Predictability and prediction of the total number of winter extremely cold days over China
- 255 Downloads
The current dynamical climate models have limited skills in predicting winter temperature in China. The present study uses physics-based empirical models (PEMs) to explore the sources and limits of the seasonal predictability in the total number of extremely cold days (NECD) over China. A combined cluster-rotated EOF analysis reveals two sub-regions of homogeneous variability among hundreds of stations, namely the Northeast China (NE) and Main China (MC). This reduces the large-number of predictands to only two indices, the NCED-NE and NCED-MC, which facilitates detection of the common sources of predictability for all stations. The circulation anomalies associated with the NECD-NE exhibit a zonally symmetric Arctic Oscillation-like pattern, whereas those associated with the NECD-MC feature a North–South dipolar pattern over Asia. The predictability of the NECD originates from SST and snow cover anomalies in the preceding September and October. However, the two regions have different SST predictors: The NE predictor is in the western Eurasian Arctic while the MC predictor is over the tropical-North Pacific. The October snow cover predictors also differ: The NE predictor primarily resides in the central Eurasia while the MC predictor is over the western and eastern Eurasia. The PEM prediction results suggest that about 60% (55%) of the total variance of winter NECD over the NE (Main) China are likely predictable 1 month in advance. The NECD at each station can also be predicted by using the four predictors that were detected for the two indices. The cross-validated temporal correlation skills exceed 0.70 at most stations. The physical mechanisms by which the autumn Arctic sea ice, snow cover, and tropical-North Pacific SST anomalies affect winter NECD over the NE and Main China are discussed.
KeywordsEast Asian winter monsoon Extreme weather events Extremely cold days Seasonal predictability Physical-empirical model (PEM)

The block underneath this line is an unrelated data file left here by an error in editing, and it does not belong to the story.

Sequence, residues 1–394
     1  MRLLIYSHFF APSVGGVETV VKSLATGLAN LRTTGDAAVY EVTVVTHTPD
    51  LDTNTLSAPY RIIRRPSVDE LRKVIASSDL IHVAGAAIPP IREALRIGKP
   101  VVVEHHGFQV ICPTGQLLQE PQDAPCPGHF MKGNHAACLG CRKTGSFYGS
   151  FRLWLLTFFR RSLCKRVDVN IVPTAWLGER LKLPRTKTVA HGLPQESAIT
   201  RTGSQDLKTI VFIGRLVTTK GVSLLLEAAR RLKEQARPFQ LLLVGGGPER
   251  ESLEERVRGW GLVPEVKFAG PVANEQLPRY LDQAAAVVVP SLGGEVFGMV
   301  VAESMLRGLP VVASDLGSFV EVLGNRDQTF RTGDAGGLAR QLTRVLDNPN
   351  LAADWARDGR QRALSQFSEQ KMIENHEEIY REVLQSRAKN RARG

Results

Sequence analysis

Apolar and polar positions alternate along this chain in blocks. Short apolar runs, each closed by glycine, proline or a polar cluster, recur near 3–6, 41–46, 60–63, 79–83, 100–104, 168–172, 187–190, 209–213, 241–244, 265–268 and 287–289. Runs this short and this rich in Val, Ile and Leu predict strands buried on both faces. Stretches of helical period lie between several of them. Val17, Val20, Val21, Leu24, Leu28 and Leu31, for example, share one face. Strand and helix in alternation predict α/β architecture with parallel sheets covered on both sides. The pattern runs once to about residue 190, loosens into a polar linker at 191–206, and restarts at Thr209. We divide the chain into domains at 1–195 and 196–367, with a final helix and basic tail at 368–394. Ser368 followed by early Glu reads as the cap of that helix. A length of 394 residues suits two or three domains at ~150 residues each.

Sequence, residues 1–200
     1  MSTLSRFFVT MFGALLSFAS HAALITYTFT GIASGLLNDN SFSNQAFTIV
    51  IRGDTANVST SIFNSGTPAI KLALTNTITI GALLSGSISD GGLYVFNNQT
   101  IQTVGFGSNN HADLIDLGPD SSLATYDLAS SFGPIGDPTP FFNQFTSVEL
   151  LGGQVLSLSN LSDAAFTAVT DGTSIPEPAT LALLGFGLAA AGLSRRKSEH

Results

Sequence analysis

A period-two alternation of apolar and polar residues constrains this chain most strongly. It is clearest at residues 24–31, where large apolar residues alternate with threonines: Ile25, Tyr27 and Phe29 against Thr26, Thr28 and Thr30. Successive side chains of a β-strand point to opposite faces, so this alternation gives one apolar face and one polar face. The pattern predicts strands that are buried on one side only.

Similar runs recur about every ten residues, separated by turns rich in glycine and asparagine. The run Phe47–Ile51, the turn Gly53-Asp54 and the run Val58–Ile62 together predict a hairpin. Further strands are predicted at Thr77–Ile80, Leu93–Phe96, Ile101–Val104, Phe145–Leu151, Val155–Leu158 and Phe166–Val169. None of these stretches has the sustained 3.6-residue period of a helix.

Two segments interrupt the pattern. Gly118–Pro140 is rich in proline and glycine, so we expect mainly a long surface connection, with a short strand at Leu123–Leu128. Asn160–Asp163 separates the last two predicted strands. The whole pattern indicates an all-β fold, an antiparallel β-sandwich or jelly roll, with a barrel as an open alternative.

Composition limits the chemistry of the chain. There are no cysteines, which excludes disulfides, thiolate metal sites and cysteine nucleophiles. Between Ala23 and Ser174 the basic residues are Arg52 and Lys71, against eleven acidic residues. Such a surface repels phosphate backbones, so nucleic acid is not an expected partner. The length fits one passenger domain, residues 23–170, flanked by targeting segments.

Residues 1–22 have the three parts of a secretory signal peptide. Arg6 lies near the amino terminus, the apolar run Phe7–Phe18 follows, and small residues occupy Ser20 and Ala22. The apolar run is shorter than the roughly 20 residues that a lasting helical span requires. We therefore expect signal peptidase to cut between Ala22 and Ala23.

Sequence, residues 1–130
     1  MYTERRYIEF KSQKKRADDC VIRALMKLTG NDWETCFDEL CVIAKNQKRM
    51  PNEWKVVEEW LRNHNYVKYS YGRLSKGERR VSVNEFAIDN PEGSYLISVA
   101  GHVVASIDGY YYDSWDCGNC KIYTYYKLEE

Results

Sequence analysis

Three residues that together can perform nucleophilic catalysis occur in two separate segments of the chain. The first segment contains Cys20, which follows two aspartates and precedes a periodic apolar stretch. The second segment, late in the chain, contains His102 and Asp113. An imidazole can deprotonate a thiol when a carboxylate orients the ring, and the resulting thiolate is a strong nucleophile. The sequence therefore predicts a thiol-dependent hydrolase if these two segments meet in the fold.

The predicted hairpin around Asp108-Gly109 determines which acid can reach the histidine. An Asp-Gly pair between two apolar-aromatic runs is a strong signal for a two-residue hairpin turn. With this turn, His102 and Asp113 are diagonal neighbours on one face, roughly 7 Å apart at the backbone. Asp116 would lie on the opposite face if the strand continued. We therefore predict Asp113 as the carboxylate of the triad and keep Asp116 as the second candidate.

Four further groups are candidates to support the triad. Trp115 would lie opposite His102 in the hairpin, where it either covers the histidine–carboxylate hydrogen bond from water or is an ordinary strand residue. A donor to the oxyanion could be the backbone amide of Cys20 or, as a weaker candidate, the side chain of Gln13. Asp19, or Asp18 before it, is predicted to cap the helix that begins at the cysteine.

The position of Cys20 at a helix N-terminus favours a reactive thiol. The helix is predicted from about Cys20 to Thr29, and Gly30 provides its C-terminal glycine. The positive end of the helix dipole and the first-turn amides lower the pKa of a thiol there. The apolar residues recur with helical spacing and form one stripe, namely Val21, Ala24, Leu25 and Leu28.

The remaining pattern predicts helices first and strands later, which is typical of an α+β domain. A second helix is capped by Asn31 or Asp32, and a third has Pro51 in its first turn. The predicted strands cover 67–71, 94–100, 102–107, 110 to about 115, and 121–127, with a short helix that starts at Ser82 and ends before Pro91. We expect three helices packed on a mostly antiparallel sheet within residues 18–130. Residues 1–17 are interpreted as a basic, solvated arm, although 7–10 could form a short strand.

This work has been supported by the National Natural Science Foundation of China (Grant Nos. 41420104002 and 41371209), the Global Research Laboratory (GRL) Program of the National Research Foundation of Korea Grant No. 2011–0021927, and Atmosphere–Ocean Research Center sponsored by the Nanjing University of Information Science and Technology and University of Hawaii. This is the SOEST publication 10011, IPRC publication 1253 and NUIST/ESMC publication 161.
- Collins D, Della-Marta P, Plummer N, Trewin B (2000) Trends in annual frequencies of extreme temperature events in Australia. Aust Meteorol Mag 49:277–292Google Scholar
- Huffman GJ, Bolvin DT (2013) GPCP version 2.2 SG combined precipitation data set documentation. NASA, p 46. ftp://precip.gsfc.nasa.gov/pub/gpcp-v2.2/doc/V2.2_doc.pdf
- Liu K, Song W, Zhu Y (2012) A statistical prediction method for an East Asian winter monsoon index reflecting winter temperature changes over the Chinese mainland. Acta Meteorol Sin (in Chinese) 71:275–285Google Scholar
- Storch HV, Zwiers FW (2001) Statistical analysis in climate research. Cambridge University Press, Cambridge, pp 811–812 ppGoogle Scholar
- Sun S, Liu G, Song W (2014) A precursory signal for the dipole mode of winter temperature anomaly over eastern China [J]. Chin J Atmos Sci (in Chinese) 38:727–741Google Scholar
- Wang L, Lu M-M (2016) The East Asian winter monsoon. The global monsoon system: research and forecast (3rd edition), vol 5. World Scientific, SingaporeGoogle Scholar
- Weisheimer A et al (2009) ENSEMBLES: a new multi-model ensemble for seasonal-to-annual predictions—skill and progress beyond DEMETER in forecasting tropical Pacific SSTs. Geophys Res Lett 36Google Scholar
- Wilks DS (2011) Statistical methods in the atmospheric sciences, vol 100. Academic, USAGoogle Scholar
- Wu B, Huang R, Gao D (1999) Impact of variations of winter sea-ice extents in the Kara/Barents Seas on winter monsoon over East Asia. Acta Meteorol Sin 13:141–153Google Scholar